Everyone has their opinion, but when it comes to a blended whisky, opinion is very much divided. It’s more down to stigma I think, and the fact that many pubs and bars back in the day only really stocked the blends because they were cheap and satisfactory. These days however, they are so much more. Blends have now been branded as superb, exciting, and even one has been targeted towards that fickle age group of trends in young adults.

Monkey ShoulderMonkey Shoulder came to light in 2005 from the family of William Grant & Sons. Experts in whisky themselves, they are home to such names as Glenfiddich and The Balvenie, with the Kininvie Distillery in Dufftown, Scotland the location of William Gran & Sons blended malts alongside fellow blend Clan Macgregor.

The adventure of Monkey Shoulder and the following it has gained stems from the selection of three of the Speyside’s malts and mature them in ex Bourbon barrels. The length of maturation is unknown, but Malt Master David Stewart will choose the best 27 batches and start the blending process after testing each one. Once blended, it is further aged before being bottled and stamped with the signature metal monkeys.

Speaking of the monkeys, how did the name come about?

Monkey Shoulder refers to a temporary injury suffered to the malt men who turned the barley by hand. Of course, these days the injury has been consigned to the history books, although William Grant & Sons still having a malt floor.

So how does the Monkey fare? Well below, I give to you my tasting notes –

Monkey Shoulder – 40%

Soft fruit nose with hints of citrus and vanilla. Smooth on the palate with a slight spice lingering. Sweet toffee flavours mix with the vanilla nicely to create a long finish.

A tried and tested cocktail also brings out the Monkey Shoulder superbly –

Monkey Manhattan
Monkey Manhattan

Monkey Manhattan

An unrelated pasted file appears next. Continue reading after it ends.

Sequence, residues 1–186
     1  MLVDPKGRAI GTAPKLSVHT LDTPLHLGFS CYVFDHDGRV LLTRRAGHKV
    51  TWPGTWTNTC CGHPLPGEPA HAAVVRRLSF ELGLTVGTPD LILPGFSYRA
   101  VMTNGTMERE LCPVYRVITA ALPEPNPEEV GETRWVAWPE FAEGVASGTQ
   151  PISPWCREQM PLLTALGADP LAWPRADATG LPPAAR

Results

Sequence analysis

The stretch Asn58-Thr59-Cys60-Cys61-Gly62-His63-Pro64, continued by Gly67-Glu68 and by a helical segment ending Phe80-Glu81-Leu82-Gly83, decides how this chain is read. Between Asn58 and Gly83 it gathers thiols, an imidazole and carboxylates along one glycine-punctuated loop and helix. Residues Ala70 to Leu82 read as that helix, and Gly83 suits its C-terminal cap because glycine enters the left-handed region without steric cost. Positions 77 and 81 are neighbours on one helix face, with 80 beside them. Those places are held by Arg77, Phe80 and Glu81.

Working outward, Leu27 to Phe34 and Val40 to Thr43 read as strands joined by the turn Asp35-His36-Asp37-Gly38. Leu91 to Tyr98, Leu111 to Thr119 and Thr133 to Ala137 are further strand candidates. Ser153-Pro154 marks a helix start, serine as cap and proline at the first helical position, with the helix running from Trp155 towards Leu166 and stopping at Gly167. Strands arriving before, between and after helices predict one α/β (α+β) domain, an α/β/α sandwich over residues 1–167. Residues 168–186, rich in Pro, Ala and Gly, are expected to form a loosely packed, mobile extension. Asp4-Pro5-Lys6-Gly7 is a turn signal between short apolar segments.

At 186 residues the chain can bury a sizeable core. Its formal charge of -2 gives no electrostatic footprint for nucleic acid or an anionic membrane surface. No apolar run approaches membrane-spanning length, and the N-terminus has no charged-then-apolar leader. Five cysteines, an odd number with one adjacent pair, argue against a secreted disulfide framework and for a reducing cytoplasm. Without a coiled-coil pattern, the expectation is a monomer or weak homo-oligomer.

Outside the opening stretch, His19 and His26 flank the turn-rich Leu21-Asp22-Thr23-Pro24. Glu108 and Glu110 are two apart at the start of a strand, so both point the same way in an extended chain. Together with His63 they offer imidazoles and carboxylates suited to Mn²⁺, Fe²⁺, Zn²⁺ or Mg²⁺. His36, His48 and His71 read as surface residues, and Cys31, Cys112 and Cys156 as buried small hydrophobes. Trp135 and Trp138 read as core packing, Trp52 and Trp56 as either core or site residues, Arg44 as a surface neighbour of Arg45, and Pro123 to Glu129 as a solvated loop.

Glass – 

Martini / Rocks

Ingredients – 

50 ml Monkey Shoulder
25 ml Sweet Vermouth
1 Dash Angostura Bitters
2 Dashes Angostura Orange Bitters
10 ml Grand Marnier

Method –

In a mixing glass, stir all the ingredients together until ice-cold. Strain into an ice-cold Martini / rocks glass. Garnish with a lemon wedge & fresh cherry.

Two great ways of enjoying this blend. Monkey Shoulder is a mainstay when it comes to an introductory whisky. Perfect for those who have never tried or want to get into whisky, but don’t want to ruin their experience by heading for something harsh. Monkey Shoulder ticks all the boxes, so give it a go!

© David Marsland and Drinks Enthusiast 2013. Unauthorized use and/or duplication of this material without express and written permission from this blog/sites author and owner is strictly prohibited. Excerpts and links may be used, provided that full and clear credit is given to David Marsland and Drinks Enthusiast with appropriate and specific direction to the original content.

The Briton’s Protection Review

The Briton's Protection

Classed as Manchester’s best bar for whisk(e)y, The Briton’s Protection has got it all. On the corner of Great Bridgewater Street, the outside decor gives it a traditional pub feeling, and with hanging baskets from every window, it oddly doesn’t look out-of-place nestled in Manchester. Once you step foot inside you enter the long bar area where your greeted with a smile by both barman and customers. On my most recent visit, I of course opted for a whisky, but they do have other varieties available including Guinness, Staropramen, Strongbow and Carling on tap, and a range of spirits including the new Kraken spiced rum and Monkey Shoulder. Wines are available as well as ales including Tetley, Beartown and Angel Tears.

The Whisk(e)y range

As mentioned, my most recent visit I opted for a whisky. You are handed the whisk(e)y menu (something that has never happened to me before!) and can browse through their quite stunning selection. You can scan there backbar that includes the Scotch Glenfiddich range and Johnnie Walker, the Irish Jameson’s as well as American Jim Beam, Makers Mark and Knob Creek but the menu indicates some little gems that you can miss. Their selction also includes a Czech and Welsh whisky which im going to have to go back and try. I went for a Dalmore 15yr (check out my tasting notes on the Dalmore 15yr here – https://drinksenthusiast.wordpress.com/2011/08/08/dalmore-whisky-masterclass-review/ )

Whilst sipping on The Dalmore, I couldn’t help but notice they have a certificate hanging predominantly on the bar with the words ‘Whisky Bars of the World 2011’. I couldn’t agree more! With nearly every whisk(e)y available, you will surely find something that will take your fancy, and if not, the barman seem more than capable in offering you their advice which although probably mandatory in the job description, always makes you feel a more welcomed.

If your ever in the Manchester area, this is one of the must-see places on your to-do list and when you can pick up a Glenfiddich 21yr for just £7.50, even Jamie Milne, the Glenfiddich UK Ambassador, is pleasantly surprised!